Tuesday, January 18, 2005

ARTIFACT OF THE DAY: Roman god Mercury with Celtic consort Rosmerta and 3 hooded deities. I know this is a rotten picture, but it's truly fascinating for its mix of ideas and cultures.

This sculpture (currently in the Musuem of the Roman Baths, in Bath, England) is badly worn, details of expression long gone. Rosmerta was known for her healing power; here she sits on a throne equally with Mercury, and carries a healing wand. In Britain, with Mercury, she is part of a divine couple (fused female and male divinity, rather different from the Christian hierarchy). She also sometimes appears with a cornucopia, a scroll, or a bucket (as here), or close to sacred waters.

Equally interesting are those three hooded figures at the bottom of the picture, called genii cucullati and shown with a mysterious animal. Some trace these three women (how can we tell they're women as this sculpture is so worn, but apparently, those short, heavy cloaks are icons themselves) back to the three aspects of mother goddess, worshipped widely during pagan times during the Winter Solstice (now Christmas), symbolizing abundance -- or perhaps abundance in womanly-ways -- wealth, wisdom, fertility, and healing as well. The animal lends a somewhat sinister air to modern eyes -- perhaps a familiar (too large?) or a lion/dog (symbol of the wild)? One essay links Roman, Celtic and Germanic traditions in the "Bethen", a female trio later transformed to saints under Christianity -- all marytred, all beheaded, all protectors of girls and women in some aspect of birth, fertility and death. All in all, a long way from home, yet the artifacts remain.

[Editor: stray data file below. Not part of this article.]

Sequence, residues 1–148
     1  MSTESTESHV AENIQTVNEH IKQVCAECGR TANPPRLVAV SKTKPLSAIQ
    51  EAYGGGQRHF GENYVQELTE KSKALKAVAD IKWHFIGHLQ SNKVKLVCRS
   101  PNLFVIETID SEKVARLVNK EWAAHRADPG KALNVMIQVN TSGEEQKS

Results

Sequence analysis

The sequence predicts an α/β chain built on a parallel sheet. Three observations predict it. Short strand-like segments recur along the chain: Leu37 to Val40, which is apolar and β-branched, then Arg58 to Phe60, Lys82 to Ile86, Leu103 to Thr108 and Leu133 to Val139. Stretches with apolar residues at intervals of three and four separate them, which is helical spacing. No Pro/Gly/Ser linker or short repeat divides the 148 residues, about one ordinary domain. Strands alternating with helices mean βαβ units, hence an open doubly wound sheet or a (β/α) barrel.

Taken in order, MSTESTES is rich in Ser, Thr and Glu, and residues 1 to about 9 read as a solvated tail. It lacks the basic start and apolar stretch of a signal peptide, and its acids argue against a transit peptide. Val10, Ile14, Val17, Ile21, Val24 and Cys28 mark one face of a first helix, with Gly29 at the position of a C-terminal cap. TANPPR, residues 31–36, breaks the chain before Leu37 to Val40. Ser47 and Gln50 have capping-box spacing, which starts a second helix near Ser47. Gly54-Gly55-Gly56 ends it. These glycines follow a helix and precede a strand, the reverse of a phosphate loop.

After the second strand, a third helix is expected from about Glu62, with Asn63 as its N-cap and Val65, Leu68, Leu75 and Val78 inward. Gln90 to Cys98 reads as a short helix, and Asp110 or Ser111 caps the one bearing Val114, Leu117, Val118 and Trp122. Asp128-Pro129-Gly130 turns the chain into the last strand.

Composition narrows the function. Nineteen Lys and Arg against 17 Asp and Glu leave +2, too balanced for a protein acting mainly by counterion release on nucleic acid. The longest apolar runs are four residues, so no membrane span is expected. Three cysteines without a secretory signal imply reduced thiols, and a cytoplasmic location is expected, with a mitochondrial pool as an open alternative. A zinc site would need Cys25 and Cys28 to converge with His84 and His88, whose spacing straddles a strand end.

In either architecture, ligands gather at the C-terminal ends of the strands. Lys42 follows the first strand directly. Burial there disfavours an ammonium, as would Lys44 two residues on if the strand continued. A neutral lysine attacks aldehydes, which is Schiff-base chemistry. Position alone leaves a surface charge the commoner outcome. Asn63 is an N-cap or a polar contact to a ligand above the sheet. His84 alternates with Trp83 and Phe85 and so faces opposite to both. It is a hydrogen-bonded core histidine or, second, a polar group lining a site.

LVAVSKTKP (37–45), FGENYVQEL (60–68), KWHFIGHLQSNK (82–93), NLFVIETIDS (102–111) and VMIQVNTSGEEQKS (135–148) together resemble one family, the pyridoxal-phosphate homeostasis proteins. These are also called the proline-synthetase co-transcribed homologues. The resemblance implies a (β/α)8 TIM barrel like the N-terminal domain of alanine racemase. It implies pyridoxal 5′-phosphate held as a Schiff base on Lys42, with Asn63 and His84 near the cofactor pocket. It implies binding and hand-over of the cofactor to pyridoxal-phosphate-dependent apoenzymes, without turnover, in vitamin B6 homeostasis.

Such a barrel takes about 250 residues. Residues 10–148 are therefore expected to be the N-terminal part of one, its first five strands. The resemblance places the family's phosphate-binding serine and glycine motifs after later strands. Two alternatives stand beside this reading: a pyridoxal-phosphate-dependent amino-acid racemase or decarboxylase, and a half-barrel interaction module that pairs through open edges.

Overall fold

Additional sources: http://www.druidry.org/obod/deities/bavarian_triple_goddess.html
and http://www.unc.edu/~css/start.html and http://enchantedtempleofisis.com/roman.htm)

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